Anonymous
I am from India. I have found your platform really helpful. But I still wanted your response on my particular condition.
I had a sexual encounter with a 'call girl' four weeks ago on 14th april 2016. there was no oral sex, anal sex, kissing. I used a condom and penetrated her twice and then I lost erection. I sucked her breasts twice. so it was not a complete intercourse. after taking out condom i saw a tear between foreskin and penis which was not there before. but after around 10 days i started to notice hardened glands in neck for brief periods and then it became normal. also i had very tiny pimples on face and arms. but they were identical. I went to the physician on 6th april 2016, exactly 3 weeks post exposure. he recommended a hiv 1&2 'rapid card' test which resulted 'non-reactive' but since past couple of days i have witnessed more tiny pimples on hands. what should i do?
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Anonymous
Hi there, and thanks a lot for contacting the AIDS Vancouver Helpline for your HIV/AIDS related health information. It seems you're concerned about the possibility of HIV transmitting during an encounter. We'd be happy to answer that question for you.

We're assuming by tear between the foreskin and penis, that you mean on your penis itself and not in the condom. If this is the case, sex with a condom is considered a low risk activity, meaning that while transmissions are possible, they require specific circumstances, like the condom failing. Sucking on her breasts is a no risk activity, meaning HIV does not transmit this way. To see the risks associated with these and other types of encounters, we'd encourage you to check out our [risk assessment page](http://helpline.aidsvancouver.org/question/risk-assessment-chart).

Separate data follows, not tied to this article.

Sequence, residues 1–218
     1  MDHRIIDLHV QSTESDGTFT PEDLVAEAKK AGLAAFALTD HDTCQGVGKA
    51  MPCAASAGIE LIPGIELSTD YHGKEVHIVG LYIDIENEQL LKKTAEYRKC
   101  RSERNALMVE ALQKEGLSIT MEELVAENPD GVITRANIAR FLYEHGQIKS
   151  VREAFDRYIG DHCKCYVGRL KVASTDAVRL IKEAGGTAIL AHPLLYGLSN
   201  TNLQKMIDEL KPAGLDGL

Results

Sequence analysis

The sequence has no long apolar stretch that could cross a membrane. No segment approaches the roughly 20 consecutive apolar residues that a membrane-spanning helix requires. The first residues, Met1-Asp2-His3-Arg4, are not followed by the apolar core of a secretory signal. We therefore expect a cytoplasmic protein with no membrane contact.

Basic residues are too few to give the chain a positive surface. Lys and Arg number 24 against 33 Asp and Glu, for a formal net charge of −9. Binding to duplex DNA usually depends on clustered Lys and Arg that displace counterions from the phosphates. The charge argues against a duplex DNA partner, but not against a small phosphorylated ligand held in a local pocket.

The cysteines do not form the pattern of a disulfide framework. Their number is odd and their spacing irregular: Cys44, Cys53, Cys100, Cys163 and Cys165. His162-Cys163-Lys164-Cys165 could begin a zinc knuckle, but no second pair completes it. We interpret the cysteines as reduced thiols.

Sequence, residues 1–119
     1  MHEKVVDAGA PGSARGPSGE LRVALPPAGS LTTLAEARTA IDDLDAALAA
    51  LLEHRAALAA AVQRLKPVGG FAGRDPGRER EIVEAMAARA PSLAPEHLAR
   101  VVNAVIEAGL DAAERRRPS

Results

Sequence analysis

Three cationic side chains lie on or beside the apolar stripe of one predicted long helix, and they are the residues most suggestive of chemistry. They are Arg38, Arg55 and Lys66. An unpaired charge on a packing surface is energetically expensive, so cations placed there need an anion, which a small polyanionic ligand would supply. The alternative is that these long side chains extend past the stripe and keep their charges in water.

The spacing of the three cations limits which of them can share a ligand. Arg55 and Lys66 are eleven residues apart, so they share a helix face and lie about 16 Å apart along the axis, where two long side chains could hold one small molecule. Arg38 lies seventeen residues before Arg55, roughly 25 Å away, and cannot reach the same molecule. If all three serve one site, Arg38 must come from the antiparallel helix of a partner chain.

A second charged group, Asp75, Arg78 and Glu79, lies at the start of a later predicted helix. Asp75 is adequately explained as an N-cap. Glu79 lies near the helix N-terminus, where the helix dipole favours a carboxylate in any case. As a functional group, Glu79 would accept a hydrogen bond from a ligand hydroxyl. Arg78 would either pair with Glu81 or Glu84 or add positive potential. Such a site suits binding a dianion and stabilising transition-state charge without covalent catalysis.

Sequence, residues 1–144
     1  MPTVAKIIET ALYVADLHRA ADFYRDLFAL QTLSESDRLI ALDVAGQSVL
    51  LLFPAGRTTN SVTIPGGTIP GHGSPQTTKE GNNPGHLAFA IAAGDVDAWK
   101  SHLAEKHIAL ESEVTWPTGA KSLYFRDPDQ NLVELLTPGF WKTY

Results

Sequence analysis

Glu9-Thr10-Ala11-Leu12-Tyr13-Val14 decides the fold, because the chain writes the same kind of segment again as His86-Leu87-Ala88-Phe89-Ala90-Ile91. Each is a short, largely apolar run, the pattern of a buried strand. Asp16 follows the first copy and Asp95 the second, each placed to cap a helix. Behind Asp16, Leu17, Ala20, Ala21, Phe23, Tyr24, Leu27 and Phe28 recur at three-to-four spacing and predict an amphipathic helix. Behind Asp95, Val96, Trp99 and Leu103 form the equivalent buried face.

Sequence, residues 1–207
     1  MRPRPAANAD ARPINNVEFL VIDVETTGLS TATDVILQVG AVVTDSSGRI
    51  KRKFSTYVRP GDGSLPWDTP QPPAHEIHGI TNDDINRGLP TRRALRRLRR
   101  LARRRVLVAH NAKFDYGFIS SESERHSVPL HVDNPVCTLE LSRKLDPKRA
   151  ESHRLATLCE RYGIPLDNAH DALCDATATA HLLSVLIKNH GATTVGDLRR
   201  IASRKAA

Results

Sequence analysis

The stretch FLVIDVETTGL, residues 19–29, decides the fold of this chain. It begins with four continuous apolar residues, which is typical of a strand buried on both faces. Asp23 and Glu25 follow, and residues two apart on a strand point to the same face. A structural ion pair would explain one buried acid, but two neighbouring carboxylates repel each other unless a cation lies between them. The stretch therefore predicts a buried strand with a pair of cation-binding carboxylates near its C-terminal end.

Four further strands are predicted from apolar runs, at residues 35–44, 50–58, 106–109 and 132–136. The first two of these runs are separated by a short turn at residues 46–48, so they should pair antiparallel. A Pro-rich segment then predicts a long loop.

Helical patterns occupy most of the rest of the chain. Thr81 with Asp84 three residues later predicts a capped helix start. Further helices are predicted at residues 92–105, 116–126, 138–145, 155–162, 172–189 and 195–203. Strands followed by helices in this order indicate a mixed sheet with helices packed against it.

As for the symptoms you are currently experiencing, we at AIDS Vancouver are not healthcare providers, so cannot comment on them. What we can say is that the symptoms of an HIV infection are very common to many other common medical conditions. For this reason, HIV infections are never diagnosed based on symptoms alone, rather testing is the only way to diagnose an infection. So it's great you've gone for testing. It's also great you've decided to see a physician about your symptoms.

As for the test you've had since then, here is a bit more information on it:

You'll see in the chart that this test is considered conclusive, meaning the results taken as accurate, 3 months post exposure. Since you've had this test done 3 weeks post exposure, it is too soon to show your current status after that encounter. Remember the risks level associated with your encounter as well. If you want to know your status conclusively after this encounter, you'll have to go further testing at 3 months post exposure.

Thanks a lot for contacting the AIDS Vancouver Helpline with your question. We hope it has been answered fully.

Trevor

AIDS Vancouver Helpline/Online

helpline.aidsvancouver.org

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Test Name Method Window Period Conditions
Rapid or “Point-of-Care” Blood or oral swab test that looks for antibodies. Up to 95% of infections are detectable within 4-6 weeks post exposure. Most people develop detectable antibodies in 21-25 days. Two forms of rapid test available: finger prick blood sample or oral swab. Oral swab test is most common in the U.S. but in Canada it is not approved and blood collection is more likely. Many places in the U.S. and abroad may charge a fee for rapid testing. Conclusive at 3 months post exposure. |